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School districts react to NCLB waiver loss with letter to parents

Representatives from OSPI, Kent, Tacoma, and Tukwilla school districts met Wednesday to sign a letter that will be sent to parents reminding them of the achievements and progress Washington schools have made, and to take the No Child Left Behind’s “failure” rating with a bit of skepticism. - Ross Coyle/Kent Reporter
Representatives from OSPI, Kent, Tacoma, and Tukwilla school districts met Wednesday to sign a letter that will be sent to parents reminding them of the achievements and progress Washington schools have made, and to take the No Child Left Behind’s “failure” rating with a bit of skepticism.
— image credit: Ross Coyle/Kent Reporter

School principals and superintendents from the Puget Sound Educational Service District (PSESD) met to publicly address a requirement of the No Child Left Behind (NCLB) Act at a press conference Wednesday morning.

Parents with children enrolled in the Kent School District will soon find letters in their mailboxes informing them that their school is a "failing" school, according to standards set by the 2001 law.

For the past seven years, Washington state secured a waiver exempting it from the law, but this year the U.S. Department of Education rejected that waiver on April 24 and an appeal on July 21. Washington lost its NCLB waiver due to legislators rejecting language in education law that would link teacher evaluations to standardized testing performance.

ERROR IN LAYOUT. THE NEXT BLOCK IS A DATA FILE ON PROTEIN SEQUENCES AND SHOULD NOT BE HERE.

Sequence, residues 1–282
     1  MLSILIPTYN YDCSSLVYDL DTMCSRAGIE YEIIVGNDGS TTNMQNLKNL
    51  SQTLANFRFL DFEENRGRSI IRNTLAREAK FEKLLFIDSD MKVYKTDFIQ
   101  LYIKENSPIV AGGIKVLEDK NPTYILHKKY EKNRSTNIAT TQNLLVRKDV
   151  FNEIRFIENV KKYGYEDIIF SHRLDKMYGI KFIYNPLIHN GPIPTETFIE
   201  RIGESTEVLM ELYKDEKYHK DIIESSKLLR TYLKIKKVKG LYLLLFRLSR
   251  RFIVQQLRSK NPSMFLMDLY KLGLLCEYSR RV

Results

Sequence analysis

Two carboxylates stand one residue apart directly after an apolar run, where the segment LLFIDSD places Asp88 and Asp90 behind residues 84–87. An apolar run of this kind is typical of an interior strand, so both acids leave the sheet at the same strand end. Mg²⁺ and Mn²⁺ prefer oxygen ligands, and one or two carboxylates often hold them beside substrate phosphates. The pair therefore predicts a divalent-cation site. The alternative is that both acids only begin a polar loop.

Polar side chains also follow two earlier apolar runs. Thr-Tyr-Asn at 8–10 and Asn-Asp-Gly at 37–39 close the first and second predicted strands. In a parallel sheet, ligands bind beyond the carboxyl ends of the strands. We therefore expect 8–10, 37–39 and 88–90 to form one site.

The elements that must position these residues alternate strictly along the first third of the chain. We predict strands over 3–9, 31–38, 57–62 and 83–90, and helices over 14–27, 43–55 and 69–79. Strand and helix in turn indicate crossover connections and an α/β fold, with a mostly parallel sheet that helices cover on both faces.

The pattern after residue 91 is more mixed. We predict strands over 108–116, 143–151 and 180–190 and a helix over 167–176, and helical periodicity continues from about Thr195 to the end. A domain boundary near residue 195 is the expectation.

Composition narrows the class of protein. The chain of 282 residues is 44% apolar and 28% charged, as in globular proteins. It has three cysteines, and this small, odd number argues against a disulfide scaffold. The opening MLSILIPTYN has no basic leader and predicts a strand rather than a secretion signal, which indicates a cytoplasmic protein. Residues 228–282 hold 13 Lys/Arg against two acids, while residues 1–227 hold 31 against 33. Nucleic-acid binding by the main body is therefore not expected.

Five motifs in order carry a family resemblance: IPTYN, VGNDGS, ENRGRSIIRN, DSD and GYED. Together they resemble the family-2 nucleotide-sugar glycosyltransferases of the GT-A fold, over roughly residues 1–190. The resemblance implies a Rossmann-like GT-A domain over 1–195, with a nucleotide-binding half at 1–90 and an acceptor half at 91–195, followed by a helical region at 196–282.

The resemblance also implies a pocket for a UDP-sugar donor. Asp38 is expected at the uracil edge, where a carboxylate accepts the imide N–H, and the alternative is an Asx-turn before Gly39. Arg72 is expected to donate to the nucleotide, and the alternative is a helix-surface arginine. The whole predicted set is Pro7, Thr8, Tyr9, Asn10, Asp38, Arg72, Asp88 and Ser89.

Among the requirements of the law, districts must send formal letters to parents notifying them of their school's "failing" performance. Twenty Kent schools will receive failing reports for not meeting the NCLB standards.

No Child Left Behind has been widely criticized in the 13 years since its creation under the Bush Administration. Educators say that it's overly critical and cumbersome and impedes their efforts.

The law expired in 2007 and the Obama administration encouraged states to apply for waivers to avoid the law's sanctions.

These schools will have to set aside 20 percent of their budgets for out-of-district remedies to their problems. These could range from private tutors, transportation to out of district schools, or other efforts.

"Schools in Washington are doing better than ever," said Kent Schools Superintendent Edward Vargas.

The PSESD said that by many other accountability indexes, Washington schools are doing significantly better.

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